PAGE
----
Harry H. Laidlaw Jr. with honey bees.
The Department of Entomology at UC Davis began as an offshoot of the Department of Entomology and Parasitology at UC Berkeley. Entomology at Davis was closely entwined with the department at Berkeley for more than 50 years before it separated and became autonomous. Much of this early record is fascinating and it demonstrates how entomology has always been an integral part of teaching, research and extension on the Davis campus—in effect the department and the campus came of age together.
The very first record of entomology being taught at Davis occurred when Professor C. W. Woodworth(from UC Berkeley) spoke to the State Farmers' Institute on Oct. 30, 1907 at Davisville on the "Whitefly Situation in California." This was a forerunner to the Farmers' Short Courses (three to six week courses) which began in the fall of 1908. Professor Woodworth was in charge of the lectures in entomology and assisted by Earl L. Morris, W. H. Volck, and J. S. Hunger—all these individuals commuted to Davis. General lectures on Introductory Entomology, Horticultural Pests, and Pest Control, were given regularly between 1908-1912. In 1912 and 1914 H. J. Quayle also contributed special lectures on crop pests and their control.
A two-year non-degree program was established in entomology at Davis in 1913. L. J. Nichols was one of the instructors who taught general entomology courses and beekeeping from 1913-1915. During the period 1915-1920, A. Coleman was listed as a staff member in entomology and E. R. deOng taught many of the general entomology courses (listed as Entomology 01, 01A, 02, 03, and 04). G. H. Vansell helped with the instruction of these courses beginning in 1920 and in 1922 he became the first instructor to establish residence in Davis. This marked a turning point for entomology at UC Davis and reflected the growing popularity and importance of teaching in the discipline.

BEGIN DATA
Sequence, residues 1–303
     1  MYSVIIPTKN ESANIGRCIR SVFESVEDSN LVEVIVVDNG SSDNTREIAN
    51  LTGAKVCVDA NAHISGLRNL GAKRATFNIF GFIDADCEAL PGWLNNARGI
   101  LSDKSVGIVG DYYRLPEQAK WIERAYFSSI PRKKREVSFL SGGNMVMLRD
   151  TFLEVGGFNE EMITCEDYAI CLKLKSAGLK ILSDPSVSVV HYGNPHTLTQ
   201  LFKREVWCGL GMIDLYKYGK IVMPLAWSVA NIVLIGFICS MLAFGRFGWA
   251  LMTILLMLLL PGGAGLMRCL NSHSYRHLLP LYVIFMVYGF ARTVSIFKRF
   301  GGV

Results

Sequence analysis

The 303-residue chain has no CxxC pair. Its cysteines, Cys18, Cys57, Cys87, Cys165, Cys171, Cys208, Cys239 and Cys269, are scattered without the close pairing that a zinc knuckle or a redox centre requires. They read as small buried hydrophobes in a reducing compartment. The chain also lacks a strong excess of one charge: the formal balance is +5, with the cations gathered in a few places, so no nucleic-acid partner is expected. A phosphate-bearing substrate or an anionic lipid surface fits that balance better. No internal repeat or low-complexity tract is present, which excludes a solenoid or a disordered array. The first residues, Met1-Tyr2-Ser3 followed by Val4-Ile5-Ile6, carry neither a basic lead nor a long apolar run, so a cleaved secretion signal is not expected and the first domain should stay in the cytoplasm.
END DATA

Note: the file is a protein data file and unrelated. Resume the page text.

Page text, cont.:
The first degree in entomology offered at Davis was in 1923-24 at which time S. B. Freeborn (the namesake of Freeborn Hall) was transferred from Berkeley to Davis to head up this new and expanding program. At this time a course was also offered in Veterinary Parasitology—a major interest of Professor Freeborn.
During the period 1928-1932, E. O. Essig commuted from Berkeley once a week during the fall to lecture in the course Economic Entomology. He was assisted by H. F. Wymore, who also taught the two-year (non-degree) courses during 1928-34. This non-degree program reached a peak enrollment of 169 students in 1946. In 1929, the first graduate student assistantship was established and was held by S. F. Bailey. Professor Bailey would later become chair of the Department.